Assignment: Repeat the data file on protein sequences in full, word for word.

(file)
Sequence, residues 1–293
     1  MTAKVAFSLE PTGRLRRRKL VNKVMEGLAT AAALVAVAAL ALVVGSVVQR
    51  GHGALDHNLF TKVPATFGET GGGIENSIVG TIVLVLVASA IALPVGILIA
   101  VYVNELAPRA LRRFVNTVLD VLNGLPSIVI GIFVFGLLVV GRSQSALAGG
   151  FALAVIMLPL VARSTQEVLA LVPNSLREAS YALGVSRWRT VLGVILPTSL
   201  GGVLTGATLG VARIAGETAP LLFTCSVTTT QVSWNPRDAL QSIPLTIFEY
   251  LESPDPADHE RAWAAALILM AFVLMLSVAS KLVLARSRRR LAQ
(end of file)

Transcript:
Sequence, residues 1–293
     1  MTAKVAFSLE PTGRLRRRKL VNKVMEGLAT AAALVAVAAL ALVVGSVVQR
    51  GHGALDHNLF TKVPATFGET GGGIENSIVG TIVLVLVASA IALPVGILIA
   101  VYVNELAPRA LRRFVNTVLD VLNGLPSIVI GIFVFGLLVV GRSQSALAGG
   151  FALAVIMLPL VARSTQEVLA LVPNSLREAS YALGVSRWRT VLGVILPTSL
   201  GGVLTGATLG VARIAGETAP LLFTCSVTTT QVSWNPRDAL QSIPLTIFEY
   251  LESPDPADHE RAWAAALILM AFVLMLSVAS KLVLARSRRR LAQ